Tuesday 6 July 2010

Membranipora - a confederacy of clones

The Ricketts description set me off looking for information about Membranipora membranacea. It is a fascinating little colonial animal. Here are some notes and a sketch.

From Intertidal invertebrates of California.

 By Robert H. Morris, Robert Hugh Morris, Donald Putnam Abbott, Eugene Clinton Haderlie

Chapter 6 - Bryozoa and Entopracta : The moss animals

John D Soule, Dorothy F Soule and Donald P  abbott

"The bryozoa, or Ectopracta are virtually all colonial forms, with each colony (zoarium) composed of many small attached individuals (zooids). A colony originates from a single, sexually produced individual (the ancestrula) and increases by asexual budding of new individuals. Bryozoans are widely distributed in the sea and many are found on rocky shores that are exposed at only the lowest tides, or on harbor pilings or ships hulls. At first glance some colonies may be mistaken for bushy types of hydroids brancing corals or marine algae.

The individual zooids in a bryozoan colony are usually less than 1mm long and each is encased in a secrteted outer cuticle or exo-skeleton, which stiffens the colony and provides support and protection for the enclosed soft parts. "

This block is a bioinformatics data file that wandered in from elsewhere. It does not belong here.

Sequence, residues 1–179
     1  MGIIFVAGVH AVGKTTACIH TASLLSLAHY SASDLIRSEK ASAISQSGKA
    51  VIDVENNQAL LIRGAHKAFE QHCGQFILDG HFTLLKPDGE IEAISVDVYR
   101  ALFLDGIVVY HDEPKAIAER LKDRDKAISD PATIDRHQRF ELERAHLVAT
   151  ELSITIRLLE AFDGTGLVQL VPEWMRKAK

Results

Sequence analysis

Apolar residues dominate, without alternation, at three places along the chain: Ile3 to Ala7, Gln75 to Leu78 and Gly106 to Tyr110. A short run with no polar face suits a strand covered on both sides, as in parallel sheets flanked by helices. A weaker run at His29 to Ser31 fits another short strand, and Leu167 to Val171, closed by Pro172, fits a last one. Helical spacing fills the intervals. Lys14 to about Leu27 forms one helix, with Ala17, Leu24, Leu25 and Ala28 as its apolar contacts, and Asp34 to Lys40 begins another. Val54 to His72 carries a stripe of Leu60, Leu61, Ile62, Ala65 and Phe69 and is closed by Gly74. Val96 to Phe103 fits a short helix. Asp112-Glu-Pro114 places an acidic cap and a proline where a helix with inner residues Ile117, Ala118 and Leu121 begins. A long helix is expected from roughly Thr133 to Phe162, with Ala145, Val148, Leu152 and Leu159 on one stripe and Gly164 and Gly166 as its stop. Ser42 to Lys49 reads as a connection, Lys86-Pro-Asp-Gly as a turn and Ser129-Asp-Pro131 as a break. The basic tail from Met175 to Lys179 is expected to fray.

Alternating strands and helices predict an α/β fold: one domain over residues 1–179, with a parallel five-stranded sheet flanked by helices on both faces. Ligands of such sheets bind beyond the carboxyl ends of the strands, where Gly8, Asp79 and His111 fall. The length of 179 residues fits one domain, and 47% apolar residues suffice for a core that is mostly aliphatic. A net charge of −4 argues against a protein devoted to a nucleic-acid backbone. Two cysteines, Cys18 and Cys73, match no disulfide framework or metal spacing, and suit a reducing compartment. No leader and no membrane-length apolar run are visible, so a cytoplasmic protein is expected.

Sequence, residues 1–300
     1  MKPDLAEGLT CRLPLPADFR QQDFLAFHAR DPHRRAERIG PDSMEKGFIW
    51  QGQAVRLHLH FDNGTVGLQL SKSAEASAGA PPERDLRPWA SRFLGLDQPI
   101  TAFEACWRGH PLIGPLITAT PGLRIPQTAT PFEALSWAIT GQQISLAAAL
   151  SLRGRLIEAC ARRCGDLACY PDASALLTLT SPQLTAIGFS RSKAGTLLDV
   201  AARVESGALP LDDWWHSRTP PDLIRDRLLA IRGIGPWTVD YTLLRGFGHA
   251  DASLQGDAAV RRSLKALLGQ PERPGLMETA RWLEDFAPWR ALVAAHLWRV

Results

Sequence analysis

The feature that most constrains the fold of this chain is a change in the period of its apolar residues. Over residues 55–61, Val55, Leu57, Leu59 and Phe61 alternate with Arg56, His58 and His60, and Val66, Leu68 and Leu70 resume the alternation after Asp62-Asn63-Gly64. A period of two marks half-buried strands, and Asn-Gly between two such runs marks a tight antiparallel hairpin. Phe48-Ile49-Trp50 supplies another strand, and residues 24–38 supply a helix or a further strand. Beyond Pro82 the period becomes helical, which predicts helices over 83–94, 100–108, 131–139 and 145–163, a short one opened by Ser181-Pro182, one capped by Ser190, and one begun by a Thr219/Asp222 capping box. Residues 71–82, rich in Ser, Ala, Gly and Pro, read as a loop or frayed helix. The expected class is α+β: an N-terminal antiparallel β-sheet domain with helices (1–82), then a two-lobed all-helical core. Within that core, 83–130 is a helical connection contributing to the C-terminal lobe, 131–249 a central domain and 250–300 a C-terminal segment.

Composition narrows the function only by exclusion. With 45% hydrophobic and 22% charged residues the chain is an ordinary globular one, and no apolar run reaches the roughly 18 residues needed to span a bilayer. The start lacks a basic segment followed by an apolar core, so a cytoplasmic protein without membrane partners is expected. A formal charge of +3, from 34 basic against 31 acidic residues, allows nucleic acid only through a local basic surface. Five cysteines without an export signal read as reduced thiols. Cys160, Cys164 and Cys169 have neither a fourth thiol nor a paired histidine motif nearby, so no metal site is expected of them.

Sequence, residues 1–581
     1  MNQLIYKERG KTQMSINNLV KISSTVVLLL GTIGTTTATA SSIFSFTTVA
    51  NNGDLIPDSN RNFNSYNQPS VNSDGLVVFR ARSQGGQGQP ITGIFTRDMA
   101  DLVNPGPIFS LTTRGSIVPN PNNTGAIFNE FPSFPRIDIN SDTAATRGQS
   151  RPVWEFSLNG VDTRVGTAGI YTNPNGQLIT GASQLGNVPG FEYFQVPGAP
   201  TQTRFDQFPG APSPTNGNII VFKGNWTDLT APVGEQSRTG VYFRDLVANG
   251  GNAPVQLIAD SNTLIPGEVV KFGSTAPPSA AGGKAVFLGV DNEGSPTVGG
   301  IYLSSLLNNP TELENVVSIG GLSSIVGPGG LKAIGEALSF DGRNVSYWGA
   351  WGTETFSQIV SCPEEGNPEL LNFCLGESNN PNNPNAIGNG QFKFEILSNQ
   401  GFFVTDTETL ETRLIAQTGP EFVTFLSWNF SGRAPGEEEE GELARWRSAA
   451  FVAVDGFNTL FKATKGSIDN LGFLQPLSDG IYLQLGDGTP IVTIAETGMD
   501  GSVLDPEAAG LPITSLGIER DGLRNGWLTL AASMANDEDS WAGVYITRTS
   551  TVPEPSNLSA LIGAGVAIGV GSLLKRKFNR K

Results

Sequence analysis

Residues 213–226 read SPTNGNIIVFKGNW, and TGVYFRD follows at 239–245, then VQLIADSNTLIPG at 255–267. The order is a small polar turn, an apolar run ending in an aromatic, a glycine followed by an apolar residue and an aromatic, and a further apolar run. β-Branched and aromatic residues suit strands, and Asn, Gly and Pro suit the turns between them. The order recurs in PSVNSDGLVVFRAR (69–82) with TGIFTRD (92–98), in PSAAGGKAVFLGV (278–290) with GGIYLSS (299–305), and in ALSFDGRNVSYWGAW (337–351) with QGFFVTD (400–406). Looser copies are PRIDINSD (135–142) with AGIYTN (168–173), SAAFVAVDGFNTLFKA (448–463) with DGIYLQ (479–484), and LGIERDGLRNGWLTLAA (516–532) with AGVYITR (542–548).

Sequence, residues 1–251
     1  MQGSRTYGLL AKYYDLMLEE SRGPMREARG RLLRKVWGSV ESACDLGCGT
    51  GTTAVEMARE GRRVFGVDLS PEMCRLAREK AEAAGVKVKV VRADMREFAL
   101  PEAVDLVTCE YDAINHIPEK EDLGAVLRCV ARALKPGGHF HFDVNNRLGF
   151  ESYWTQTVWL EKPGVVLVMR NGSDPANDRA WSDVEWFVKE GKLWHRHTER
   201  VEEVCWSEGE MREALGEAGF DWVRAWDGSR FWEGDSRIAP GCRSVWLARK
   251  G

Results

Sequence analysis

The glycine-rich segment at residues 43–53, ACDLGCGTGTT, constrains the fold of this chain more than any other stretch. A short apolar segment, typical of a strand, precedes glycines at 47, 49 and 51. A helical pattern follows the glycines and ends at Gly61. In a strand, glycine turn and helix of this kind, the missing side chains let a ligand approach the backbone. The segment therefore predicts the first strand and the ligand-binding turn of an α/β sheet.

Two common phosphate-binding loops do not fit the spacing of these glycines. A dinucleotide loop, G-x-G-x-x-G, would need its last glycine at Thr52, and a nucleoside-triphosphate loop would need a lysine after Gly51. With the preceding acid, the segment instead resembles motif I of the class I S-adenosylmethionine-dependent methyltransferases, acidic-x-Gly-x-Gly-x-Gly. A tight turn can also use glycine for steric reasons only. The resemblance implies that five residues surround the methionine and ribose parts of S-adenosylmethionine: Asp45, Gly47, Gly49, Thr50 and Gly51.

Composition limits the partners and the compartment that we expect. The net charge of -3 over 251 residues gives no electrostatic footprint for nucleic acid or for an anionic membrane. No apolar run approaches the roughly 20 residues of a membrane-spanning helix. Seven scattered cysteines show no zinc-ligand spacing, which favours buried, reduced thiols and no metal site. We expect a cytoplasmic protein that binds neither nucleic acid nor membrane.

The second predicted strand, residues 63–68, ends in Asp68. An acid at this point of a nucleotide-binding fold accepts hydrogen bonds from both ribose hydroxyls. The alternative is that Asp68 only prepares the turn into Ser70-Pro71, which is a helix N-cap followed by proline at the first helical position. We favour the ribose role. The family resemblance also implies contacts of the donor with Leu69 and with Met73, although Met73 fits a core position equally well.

Here is a drawing of a couple of zooids - one with tentacles retracted and the other in full action (taken from Bock, P.E., 1982. Bryozoans (Phylum Bryozoa). In: Shepherd, S.A. & Thomas, I.M. (editors), Marine Invertebrates of Southern Australia Part 1: 319-394. South Australian Government, Adelaide).

Membranipora was first described by Linnaeus in 1767 (Linnaeus, C. 1767. Systema naturae, Tom. I. Pars II. Editio duodecima, reformata. Holmiae. (Laurentii Salvii).: 533-1327.). In his system it was originally Flustra membranacea. The page describing the creature is shown.